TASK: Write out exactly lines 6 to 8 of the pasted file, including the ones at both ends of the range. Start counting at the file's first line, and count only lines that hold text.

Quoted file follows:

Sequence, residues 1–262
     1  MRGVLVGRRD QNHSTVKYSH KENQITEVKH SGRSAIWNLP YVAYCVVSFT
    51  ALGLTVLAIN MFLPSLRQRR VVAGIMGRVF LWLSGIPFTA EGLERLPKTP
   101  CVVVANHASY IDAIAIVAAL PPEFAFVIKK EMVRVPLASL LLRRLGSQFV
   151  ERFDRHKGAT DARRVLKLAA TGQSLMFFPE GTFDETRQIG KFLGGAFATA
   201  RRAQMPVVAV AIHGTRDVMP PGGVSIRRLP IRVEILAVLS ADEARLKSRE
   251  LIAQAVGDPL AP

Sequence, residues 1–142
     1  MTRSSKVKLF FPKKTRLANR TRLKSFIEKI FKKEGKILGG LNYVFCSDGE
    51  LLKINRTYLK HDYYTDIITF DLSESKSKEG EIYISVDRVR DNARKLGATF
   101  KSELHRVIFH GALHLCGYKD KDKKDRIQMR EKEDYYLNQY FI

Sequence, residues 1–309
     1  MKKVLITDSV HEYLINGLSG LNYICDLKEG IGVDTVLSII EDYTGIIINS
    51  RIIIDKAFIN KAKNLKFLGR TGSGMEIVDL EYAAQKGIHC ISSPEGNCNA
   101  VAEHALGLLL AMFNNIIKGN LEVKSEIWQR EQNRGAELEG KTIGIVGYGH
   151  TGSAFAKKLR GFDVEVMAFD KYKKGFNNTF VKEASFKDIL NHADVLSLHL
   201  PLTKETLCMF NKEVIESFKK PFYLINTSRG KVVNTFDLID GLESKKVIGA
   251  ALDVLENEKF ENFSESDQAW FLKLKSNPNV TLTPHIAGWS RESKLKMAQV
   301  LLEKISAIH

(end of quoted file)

   201  RRAQMPVVAV AIHGTRDVMP PGGVSIRRLP IRVEILAVLS ADEARLKSRE
   251  LIAQAVGDPL AP

Sequence, residues 1–142